Cluster25 Threat Intel Team
August 25, 2023
In the modern digital era, businesses operate on a global scale, exchanging information, collaborating, and conducting financial transactions at the speed of light, all this through emails. Yet, this very convenience has paved the way for cybercriminals to exploit human vulnerabilities and manipulate the trust inherent in digital communication. This deceptive phenomenon is known as Business Email Compromise (BEC) scams, a threat that has emerged as a critical concern for organizations of all sizes. For these scams, attackers impersonate key figures within an organization, such as executives or trusted partners, to deceive employees into performing actions they believe are legitimate. These actions often involve transferring funds, revealing sensitive information, or executing other tasks that can lead to financial losses or data breaches. The perpetrators employ various techniques to manipulate human psychology, leveraging urgency, authority, and familiarity to ensure their fraudulent requests are executed without suspicion.
Some common types of BEC scams include what is called CEO Fraud, where scammers impersonate high-ranking executives to request urgent transfers of funds under the guise of confidential deals or unforeseen emergencies, with fake invoice that appear legitimate, targeting employees responsible for processing payments, thus redirecting funds to fraudulent accounts.
In the last few days, Cluster25 observed a BEC campaign using as lure the donation for some non-profit foundations. In all the analyzed cases, the scam email is delivered to employees working in the financial or accounting team, with the CEO's email address as CC. The attacker asks to make a quite huge donation, about 15k-25k dollars, to the non-profit foundation using the specified bank account, which is actually controlled by the attacker.
In this section, we provide an example of the recently observed BEC attack, reporting the entire email message as received by the victim. To increase the effectiveness of the attack, the malicious actor created a complete email thread in which was simulated a conversation with the company CEO (whose address is in the CC of the email), where he agreed to a donation request. As visible in the example below, the CEO replies with “I am pleased to inform you that I am choosing the Premier support level, which is at $25,000. We are excited to be part of your fundraising efforts and to support your organization's mission.” and then “Please send all invoices to <victim> for payment processing”.
The victim receiving this email thread could think that the payment has been already approved by his/her supervisor, so the wire transfer can be sent without asking for a confirmation.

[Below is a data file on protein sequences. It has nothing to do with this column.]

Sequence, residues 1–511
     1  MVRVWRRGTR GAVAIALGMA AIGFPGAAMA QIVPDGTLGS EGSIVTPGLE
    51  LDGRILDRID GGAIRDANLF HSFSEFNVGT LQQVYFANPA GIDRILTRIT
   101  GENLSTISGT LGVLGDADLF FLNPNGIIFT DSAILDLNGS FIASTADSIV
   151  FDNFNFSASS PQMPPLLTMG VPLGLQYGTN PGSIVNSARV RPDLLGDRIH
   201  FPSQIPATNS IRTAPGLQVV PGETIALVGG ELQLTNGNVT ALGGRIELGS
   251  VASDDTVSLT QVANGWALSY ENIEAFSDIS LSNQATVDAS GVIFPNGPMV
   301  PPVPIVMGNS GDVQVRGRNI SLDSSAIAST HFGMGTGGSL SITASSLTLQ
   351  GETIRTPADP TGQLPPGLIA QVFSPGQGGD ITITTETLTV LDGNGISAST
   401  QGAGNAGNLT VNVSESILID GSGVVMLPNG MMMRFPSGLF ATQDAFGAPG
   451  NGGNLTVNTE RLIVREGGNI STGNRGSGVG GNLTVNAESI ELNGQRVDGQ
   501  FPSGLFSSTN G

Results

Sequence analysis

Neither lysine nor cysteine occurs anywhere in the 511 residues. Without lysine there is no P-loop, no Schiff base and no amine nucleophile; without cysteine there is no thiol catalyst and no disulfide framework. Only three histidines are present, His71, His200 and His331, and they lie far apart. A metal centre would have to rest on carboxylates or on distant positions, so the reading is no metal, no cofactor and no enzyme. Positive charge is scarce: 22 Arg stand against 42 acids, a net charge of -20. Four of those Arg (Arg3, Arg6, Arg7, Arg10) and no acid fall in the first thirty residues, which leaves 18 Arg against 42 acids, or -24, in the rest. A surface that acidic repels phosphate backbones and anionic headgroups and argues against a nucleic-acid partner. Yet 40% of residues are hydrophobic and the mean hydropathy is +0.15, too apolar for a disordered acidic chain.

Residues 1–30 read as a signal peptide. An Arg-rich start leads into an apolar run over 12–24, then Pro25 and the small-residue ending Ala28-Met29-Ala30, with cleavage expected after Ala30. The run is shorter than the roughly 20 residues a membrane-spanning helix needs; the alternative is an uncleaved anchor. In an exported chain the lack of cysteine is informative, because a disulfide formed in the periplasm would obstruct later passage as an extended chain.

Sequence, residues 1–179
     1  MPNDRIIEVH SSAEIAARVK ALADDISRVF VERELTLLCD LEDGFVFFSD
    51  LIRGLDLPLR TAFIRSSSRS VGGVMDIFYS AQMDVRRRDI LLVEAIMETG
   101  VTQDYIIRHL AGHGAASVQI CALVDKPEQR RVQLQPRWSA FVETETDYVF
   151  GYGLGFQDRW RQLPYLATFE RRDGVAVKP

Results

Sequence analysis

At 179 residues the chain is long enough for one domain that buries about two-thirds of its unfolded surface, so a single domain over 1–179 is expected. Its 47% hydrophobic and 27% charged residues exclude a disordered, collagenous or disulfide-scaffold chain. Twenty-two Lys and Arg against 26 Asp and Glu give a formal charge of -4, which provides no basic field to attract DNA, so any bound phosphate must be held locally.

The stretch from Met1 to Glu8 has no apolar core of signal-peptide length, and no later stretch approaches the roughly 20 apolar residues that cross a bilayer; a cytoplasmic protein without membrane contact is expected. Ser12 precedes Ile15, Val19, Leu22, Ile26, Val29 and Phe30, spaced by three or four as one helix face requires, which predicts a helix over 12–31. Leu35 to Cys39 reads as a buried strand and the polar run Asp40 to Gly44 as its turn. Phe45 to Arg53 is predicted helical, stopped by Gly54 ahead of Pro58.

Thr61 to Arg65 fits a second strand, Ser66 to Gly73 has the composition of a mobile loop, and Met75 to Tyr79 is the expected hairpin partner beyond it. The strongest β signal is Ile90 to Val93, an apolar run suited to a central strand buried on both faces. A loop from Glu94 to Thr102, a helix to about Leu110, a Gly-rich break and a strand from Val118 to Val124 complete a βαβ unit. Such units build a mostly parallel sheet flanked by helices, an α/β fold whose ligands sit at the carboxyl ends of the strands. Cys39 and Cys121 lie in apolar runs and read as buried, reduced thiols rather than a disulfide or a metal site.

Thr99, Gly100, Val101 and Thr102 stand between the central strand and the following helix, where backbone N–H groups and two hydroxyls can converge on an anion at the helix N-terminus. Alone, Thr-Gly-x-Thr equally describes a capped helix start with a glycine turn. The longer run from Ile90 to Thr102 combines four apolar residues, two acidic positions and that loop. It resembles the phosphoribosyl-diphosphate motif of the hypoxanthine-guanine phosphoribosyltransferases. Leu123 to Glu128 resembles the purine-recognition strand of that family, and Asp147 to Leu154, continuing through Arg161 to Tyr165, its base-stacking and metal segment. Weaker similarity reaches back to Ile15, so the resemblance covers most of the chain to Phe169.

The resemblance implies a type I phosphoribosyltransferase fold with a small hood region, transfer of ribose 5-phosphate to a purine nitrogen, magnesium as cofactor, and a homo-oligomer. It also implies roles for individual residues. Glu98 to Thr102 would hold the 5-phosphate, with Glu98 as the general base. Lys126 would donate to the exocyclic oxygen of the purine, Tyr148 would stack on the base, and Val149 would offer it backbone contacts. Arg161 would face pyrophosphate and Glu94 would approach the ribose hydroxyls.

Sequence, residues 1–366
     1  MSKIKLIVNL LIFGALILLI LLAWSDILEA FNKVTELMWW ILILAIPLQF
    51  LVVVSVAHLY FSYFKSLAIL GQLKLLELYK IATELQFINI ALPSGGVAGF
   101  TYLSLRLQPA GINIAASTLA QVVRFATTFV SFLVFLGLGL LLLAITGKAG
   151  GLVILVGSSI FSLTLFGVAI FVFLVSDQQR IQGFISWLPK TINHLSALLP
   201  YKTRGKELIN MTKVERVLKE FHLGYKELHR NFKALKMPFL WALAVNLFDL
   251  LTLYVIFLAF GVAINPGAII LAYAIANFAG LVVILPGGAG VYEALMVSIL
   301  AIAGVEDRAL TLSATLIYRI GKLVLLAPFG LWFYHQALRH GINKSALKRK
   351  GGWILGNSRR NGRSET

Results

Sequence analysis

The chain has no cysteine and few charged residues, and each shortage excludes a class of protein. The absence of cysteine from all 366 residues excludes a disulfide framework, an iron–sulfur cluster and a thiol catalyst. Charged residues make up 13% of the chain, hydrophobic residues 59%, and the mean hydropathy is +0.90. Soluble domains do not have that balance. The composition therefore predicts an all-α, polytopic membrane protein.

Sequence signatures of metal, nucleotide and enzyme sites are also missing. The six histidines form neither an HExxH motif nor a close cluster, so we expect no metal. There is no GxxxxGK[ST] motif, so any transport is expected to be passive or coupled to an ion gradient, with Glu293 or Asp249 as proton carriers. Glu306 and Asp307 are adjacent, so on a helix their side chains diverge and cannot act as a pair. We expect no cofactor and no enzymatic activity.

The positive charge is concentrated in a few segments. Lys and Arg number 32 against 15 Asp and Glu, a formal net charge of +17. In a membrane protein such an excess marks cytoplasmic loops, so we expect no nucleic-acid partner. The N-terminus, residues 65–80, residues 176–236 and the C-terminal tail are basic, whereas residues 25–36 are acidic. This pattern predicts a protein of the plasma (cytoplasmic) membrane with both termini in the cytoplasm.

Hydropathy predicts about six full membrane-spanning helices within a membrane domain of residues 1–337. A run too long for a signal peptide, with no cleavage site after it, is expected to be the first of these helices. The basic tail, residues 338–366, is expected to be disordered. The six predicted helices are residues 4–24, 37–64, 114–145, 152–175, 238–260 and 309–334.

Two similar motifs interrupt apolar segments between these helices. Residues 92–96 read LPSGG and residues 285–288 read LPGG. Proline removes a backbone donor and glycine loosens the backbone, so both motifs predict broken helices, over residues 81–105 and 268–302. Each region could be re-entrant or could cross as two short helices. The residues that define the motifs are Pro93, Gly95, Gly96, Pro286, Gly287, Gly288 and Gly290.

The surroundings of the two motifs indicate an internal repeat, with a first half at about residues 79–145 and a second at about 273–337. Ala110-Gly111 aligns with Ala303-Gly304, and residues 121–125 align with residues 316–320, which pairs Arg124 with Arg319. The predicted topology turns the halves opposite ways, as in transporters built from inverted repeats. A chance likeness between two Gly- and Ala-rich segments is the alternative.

The scam email contains two PDF files. The first one is “Request for Taxpayer Identification Number and Certification”, a document containing tax information about the foundation the victim should donate. The document is used to legitimize the money request, thereby increasing the chances of success.
The second PDF file is a sort of invoice containing the money amount the victim should pay, the Bank details for the wire transfer, and an empty form that should be filled out if the user prefers to use a credit card as the payment method.
The logo on top and the email redirection shown in the document are much possibly a typo from a previous campaign, linked to the Chicago Children’s Museum.
During our investigations, we found several scam attacks having the described characteristics targeting companies in the United States, Canada, and Italy operating in the technology, financial, energy, and logistics sectors. In the following table we reported the email Subjects observed during the investigations, all of them refer to a Gala event and to a possibility of sponsorship.
|Re: Gala Premier Sponsorship for AEC Fund
Re: Fw: Gala Premier
Fw: Gala pledge for Eagle Lake Foundation
Re: Latchman Fund Gala Pledge
We analyzed the non-profit foundations used as bait in the various attacks, all of them really exist. So, the attacker used the real information about these foundations to legitimize the attack attempt. He registered a new domain for any of the foundations to use in the attacks. The registered domains just have set the MX record, because they are used as mail servers by the attacker.
As visible in the following table, some of the reported domains have only been active for a few days, just long enough to carry out the attack.
|The Laskin Foundation, Inc
|Eagle Lake Foundation, Inc
|The Latchman Foundation Inc.
|Alfred E Chase Foundation, Inc
Finally, analyzing the payment details reported in the second PDF file, it is possible to obtain more information about the bank used by the fraudster. For all the analyzed attacks, the attacker used a bank account registered on PNC Bank at Pittsburgh.
MITRE ATT&CK MATRIX
|Search Open Websites/Domains: Search Engines
|Gather Victim Identity Information: Email Addresses
|Gather Victim Identity Information: Employee Names
|Acquire Infrastructure: Domains
|Phishing: Spearphishing Attachment
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